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Optical Measurements Combine for Early Metastasis Detection

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Diffuse in vivo flow cytometry (DiFC), an optical technique developed at Northeastern University, enables fluorescence detection of tumor cells circulating in the bloodstream. It is a promising technique for detecting cancer that has metastasized. However, due to signal-to-noise ratio (SNR) constraints, which are attributed mainly to background autofluorescence in the tissues, DiFC’s measurement depth is limited.

A team from Tufts University and Northeastern University is working to address this issue and take the DiFC method developed by the Northeastern group to a new level. The researchers are investigating whether a new method developed by the Tufts group, called the dual-ratio (DR) approach, can minimize noise and autofluorescence in DiFC.

Originally developed for spectroscopy, DR is a diffuse optical measurement technique designed to suppress noise in the optical signal and enhance SNR in deep tissue regions. The researchers focused on whether the combination of DR and near-infrared (NIR) DiFC could improve circulating cells’ maximum detectable depth and SNR, by extending the penetration range of DiFC.
The dual-ratio (DR) diffuse in-vivo flow cytometry (DiFC) is a new technique that uses two laser sources and two detectors to mitigate the effects of noise and autofluorescence. DR DiFC may enable doctors to precisely detect fluorescent tags attached to circulating tumor cells in the bloodstream. Courtesy of Blaney et al., 10.1117/1.JBO.28.7.077001.
The dual-ratio (DR) diffuse in-vivo flow cytometry (DiFC) is a new technique that uses two laser sources and two detectors to mitigate the effects of noise and autofluorescence. DR DiFC may enable doctors to precisely detect fluorescent tags attached to circulating tumor cells in the bloodstream. Courtesy of Blaney et al., 10.1117/1.JBO.28.7.077001.

The team’s strategy to improve the accuracy and range of DiFC could further the development of this noninvasive technique and make the diagnosis of metastasis, a hallmark of advanced cancer, faster and simpler.

When DiFC is used, circulating tumor cells are labeled with a fluorescent agent. A laser is shined directly onto an artery, and the emitted fluorescent signals are captured using a detector that counts the number of circulating tumor cells. The measurements taken with DiFC can be affected by background noise originating from the inherent fluorescence of the surrounding tissue.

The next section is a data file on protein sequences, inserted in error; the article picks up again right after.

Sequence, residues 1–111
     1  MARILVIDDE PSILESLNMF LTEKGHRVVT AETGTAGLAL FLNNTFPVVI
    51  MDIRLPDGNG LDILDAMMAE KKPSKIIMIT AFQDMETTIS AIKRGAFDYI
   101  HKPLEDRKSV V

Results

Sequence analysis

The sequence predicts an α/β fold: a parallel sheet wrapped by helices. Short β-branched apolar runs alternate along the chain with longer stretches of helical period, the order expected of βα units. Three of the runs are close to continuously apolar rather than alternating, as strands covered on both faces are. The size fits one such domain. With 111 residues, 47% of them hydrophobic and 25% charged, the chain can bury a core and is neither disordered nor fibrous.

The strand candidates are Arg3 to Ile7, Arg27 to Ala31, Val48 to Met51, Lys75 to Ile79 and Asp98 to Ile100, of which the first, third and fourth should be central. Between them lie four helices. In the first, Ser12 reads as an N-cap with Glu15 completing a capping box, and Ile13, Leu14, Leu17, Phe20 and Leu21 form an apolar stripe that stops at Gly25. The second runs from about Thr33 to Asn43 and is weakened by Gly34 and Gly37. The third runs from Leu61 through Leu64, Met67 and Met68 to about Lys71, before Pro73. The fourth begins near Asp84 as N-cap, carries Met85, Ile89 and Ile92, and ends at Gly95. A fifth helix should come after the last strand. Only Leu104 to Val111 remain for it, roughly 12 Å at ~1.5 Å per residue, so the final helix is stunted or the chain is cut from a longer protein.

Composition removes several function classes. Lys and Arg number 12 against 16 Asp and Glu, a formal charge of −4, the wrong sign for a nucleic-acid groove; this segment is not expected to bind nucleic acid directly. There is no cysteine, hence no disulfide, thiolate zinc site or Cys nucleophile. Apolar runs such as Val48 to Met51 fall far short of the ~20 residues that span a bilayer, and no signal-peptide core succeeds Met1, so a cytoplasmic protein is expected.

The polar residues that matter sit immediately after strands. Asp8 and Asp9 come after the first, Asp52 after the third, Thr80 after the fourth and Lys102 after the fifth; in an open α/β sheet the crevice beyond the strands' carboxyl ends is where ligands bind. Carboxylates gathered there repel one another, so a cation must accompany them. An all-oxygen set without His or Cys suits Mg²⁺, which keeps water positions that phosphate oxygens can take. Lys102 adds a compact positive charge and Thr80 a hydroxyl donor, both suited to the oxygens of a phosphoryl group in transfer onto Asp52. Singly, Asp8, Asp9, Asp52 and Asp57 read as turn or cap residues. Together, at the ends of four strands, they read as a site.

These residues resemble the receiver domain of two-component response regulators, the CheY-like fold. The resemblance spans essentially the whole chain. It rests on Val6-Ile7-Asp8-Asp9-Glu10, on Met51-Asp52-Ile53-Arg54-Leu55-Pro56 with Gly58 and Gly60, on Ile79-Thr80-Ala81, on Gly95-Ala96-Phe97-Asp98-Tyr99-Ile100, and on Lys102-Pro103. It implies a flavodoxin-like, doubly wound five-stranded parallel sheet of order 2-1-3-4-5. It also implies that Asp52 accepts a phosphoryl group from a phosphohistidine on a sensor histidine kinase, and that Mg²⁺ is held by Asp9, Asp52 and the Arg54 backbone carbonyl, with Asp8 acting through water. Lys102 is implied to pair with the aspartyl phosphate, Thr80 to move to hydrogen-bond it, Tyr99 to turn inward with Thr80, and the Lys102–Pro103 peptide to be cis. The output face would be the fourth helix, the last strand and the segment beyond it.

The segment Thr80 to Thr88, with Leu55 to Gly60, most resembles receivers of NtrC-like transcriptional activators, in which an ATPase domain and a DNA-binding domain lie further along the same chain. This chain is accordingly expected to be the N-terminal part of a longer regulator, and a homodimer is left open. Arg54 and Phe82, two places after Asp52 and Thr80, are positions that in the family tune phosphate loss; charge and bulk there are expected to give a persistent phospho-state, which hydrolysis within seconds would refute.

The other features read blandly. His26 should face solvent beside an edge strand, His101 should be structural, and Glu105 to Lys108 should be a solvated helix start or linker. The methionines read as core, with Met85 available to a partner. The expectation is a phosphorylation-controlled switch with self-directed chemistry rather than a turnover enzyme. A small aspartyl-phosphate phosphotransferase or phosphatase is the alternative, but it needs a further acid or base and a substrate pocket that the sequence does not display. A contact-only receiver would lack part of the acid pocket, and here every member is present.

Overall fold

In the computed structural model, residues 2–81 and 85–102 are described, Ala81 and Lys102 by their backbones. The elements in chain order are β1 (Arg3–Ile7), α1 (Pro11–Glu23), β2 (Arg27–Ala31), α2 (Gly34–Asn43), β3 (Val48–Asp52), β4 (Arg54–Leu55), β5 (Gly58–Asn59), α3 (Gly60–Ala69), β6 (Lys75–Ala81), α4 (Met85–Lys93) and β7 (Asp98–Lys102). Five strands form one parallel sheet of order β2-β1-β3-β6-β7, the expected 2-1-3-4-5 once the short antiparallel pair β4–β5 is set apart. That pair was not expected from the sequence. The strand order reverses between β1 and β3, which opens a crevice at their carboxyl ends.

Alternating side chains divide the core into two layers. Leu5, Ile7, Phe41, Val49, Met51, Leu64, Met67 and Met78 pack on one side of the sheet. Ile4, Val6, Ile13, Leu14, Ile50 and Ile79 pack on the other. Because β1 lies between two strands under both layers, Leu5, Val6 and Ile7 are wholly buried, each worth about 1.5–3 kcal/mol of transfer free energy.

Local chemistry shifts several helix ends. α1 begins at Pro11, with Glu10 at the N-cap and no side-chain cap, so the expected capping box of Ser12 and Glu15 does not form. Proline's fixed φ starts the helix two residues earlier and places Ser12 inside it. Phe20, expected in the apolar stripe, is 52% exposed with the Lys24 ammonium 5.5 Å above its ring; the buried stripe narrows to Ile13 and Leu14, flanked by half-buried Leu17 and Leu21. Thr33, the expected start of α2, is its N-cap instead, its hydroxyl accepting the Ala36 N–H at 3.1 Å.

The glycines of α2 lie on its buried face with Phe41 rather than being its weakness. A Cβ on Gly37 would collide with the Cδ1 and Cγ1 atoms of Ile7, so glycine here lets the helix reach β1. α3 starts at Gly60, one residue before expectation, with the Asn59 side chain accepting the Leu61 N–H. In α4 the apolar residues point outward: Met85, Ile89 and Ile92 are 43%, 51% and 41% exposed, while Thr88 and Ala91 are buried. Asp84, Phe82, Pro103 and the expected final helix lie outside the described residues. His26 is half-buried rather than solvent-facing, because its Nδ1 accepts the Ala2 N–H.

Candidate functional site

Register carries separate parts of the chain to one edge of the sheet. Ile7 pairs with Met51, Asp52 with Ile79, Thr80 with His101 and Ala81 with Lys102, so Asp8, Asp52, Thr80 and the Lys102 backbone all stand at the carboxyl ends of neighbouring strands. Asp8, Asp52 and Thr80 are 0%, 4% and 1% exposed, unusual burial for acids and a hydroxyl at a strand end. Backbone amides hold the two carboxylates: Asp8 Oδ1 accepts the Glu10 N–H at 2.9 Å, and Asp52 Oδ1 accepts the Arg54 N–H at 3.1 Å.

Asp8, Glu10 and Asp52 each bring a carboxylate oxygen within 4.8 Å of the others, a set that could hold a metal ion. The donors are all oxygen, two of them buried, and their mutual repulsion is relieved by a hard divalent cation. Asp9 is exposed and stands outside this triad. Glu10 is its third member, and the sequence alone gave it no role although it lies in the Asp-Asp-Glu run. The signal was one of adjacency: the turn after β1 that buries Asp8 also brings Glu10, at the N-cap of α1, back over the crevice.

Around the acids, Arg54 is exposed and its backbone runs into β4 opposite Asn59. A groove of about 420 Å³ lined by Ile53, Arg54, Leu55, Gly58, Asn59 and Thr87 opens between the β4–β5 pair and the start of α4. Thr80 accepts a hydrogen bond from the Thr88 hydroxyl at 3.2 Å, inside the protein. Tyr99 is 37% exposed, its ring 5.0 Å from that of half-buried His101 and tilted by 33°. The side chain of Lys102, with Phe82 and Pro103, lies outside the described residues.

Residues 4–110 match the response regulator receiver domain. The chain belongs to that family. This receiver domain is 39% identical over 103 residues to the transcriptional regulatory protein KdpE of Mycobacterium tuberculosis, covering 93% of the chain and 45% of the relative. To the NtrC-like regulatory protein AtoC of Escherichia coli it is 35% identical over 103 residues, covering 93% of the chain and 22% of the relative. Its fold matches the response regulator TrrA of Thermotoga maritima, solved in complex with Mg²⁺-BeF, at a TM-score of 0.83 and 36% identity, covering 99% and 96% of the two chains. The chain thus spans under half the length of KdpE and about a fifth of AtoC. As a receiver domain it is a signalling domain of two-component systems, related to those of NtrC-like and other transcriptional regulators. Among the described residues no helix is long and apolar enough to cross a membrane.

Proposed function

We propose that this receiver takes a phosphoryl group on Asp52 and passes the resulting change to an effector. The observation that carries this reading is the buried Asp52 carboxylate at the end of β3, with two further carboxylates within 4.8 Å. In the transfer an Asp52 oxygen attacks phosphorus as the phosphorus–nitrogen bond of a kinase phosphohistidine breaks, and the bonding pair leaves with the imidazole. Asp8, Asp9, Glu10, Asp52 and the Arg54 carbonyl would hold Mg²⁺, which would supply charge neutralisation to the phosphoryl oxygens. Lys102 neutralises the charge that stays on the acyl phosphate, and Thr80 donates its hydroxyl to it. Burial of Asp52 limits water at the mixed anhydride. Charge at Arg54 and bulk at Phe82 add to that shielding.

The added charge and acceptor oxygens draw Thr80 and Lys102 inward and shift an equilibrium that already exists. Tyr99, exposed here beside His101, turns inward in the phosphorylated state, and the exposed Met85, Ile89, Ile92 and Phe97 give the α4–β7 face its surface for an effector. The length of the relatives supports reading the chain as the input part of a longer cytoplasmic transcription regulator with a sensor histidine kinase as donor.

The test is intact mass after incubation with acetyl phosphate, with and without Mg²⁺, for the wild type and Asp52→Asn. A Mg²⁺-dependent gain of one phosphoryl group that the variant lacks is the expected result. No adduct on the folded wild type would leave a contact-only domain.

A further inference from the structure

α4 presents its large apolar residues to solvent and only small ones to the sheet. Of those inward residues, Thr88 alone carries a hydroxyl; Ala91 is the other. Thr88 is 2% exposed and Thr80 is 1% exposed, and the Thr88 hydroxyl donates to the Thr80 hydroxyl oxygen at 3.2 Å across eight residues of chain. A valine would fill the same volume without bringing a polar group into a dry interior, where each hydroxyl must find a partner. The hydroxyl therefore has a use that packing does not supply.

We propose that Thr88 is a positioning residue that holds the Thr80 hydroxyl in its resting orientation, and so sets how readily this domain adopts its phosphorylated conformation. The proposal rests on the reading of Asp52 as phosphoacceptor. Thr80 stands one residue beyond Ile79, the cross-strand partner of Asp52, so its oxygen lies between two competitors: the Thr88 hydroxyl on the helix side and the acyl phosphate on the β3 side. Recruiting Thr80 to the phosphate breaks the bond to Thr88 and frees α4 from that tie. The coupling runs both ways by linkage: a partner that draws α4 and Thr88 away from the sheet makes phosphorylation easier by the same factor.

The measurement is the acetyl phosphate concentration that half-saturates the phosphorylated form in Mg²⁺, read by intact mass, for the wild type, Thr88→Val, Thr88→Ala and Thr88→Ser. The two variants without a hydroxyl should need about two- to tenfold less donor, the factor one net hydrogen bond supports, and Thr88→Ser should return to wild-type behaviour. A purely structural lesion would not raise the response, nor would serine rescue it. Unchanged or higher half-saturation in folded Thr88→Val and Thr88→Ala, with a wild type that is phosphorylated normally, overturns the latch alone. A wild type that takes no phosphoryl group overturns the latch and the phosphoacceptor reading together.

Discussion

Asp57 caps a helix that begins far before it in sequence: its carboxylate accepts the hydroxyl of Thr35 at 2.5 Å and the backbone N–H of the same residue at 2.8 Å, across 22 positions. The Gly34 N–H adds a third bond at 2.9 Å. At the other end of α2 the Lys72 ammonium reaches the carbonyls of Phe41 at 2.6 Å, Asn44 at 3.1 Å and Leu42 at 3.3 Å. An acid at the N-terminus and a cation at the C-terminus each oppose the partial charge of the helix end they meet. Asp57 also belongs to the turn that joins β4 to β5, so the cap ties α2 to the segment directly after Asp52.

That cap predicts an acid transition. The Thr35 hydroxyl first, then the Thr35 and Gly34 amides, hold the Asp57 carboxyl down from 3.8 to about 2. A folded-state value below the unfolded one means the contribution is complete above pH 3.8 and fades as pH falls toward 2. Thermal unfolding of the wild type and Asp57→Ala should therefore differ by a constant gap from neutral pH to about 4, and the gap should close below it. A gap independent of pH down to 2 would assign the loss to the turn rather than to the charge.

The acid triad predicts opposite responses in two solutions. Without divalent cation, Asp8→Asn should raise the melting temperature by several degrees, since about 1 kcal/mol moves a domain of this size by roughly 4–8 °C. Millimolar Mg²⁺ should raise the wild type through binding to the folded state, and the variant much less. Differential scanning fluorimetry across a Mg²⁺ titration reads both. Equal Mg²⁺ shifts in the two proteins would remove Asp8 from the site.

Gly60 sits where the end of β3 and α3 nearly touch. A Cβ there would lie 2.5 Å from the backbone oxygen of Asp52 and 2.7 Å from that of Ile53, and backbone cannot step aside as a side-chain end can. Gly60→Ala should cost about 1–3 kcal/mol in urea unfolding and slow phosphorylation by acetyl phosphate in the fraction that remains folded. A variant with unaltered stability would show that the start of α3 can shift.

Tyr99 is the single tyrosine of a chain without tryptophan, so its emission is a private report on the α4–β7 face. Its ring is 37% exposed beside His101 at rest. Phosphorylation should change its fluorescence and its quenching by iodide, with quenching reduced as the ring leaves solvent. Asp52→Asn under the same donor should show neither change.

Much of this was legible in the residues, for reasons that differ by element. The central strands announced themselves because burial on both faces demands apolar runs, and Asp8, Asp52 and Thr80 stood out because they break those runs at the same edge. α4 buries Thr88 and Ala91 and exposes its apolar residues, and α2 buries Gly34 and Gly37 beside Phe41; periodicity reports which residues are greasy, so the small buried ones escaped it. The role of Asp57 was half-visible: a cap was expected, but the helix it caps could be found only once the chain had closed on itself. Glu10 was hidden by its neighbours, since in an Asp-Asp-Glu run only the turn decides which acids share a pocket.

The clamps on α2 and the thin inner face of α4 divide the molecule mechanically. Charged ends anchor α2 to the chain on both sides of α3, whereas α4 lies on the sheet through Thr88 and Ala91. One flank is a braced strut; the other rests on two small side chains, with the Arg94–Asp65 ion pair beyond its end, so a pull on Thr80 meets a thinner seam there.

DR DiFC uses two laser sources and two detectors to mitigate the effects of noise and autofluorescence. In theory, the noise can be canceled out by combining the signals of the two detectors. The autofluorescence contributions of the surface of the measured medium — for example, skin — can also be minimized using DR.

However, the conditions under which DR DiFC truly offers an advantage over standard DiFC required further investigation.

To identify the advantages and limitations of the DR DiFC technique, the researchers ran Monte Carlo simulations using various noise and autofluorescence parameters and different source-detector configurations. They conducted phantom experiments using an artificial, tissue-mimicking flow phantom with cell-mimicking fluorescent microspheres to estimate the key parameters in a diffuse fluorescence excitation and emission model. They also measured the autofluorescence of the skin and underlying muscle in mice to gain insight into how noise varied with tissue type and depth.

The team found that two key factors must be true to give DR DiFC an advantage over traditional DiFC. First, the fraction of noise not canceled by DR must be under 10%. Second, DR DiFC has an advantage, in terms of SNR, if the distribution of tissue autofluorescence contributors is surface-weighted — that is, higher near the surface instead of being evenly distributed in the target volume.

The experiments with mice indicated that autofluorescence is typically higher in the skin than in the underlying muscle. When autofluorescence was higher near the surface, rather than being homogeneous, DR DiFC had a significantly higher penetration range than standard DiFC.

The investigation of DR DiFC lays the groundwork for the design of a DR DiFC instrument for diagnosing metastasis rapidly and noninvasively. Although the successful use of DR DiFC depends on the distribution of autofluorescence contributors in vivo and the portion of noncancelable (by DR) noise in the measurement, the results point to DR DiFC having advantages over traditional DiFC.

The research was published in Journal of Biomedical Optics (www.doi.org/10.1117/1.JBO.28.7.077001).

Published: August 2023
Glossary
fluorescence
Fluorescence is a type of luminescence, which is the emission of light by a substance that has absorbed light or other electromagnetic radiation. Specifically, fluorescence involves the absorption of light at one wavelength and the subsequent re-emission of light at a longer wavelength. The emitted light occurs almost instantaneously and ceases when the excitation light source is removed. Key characteristics of fluorescence include: Excitation and emission wavelengths: Fluorescent materials...
flow cytometry
Flow cytometry is a powerful technique used in biology and medicine for the quantitative analysis of the physical and chemical characteristics of cells and particles suspended in a fluid. The method allows for the rapid measurement of multiple parameters simultaneously on a cell-by-cell basis. It is widely used in various fields, including immunology, microbiology, hematology, and cancer research. Here are the key components and features of flow cytometry: Sample preparation: Cells or...
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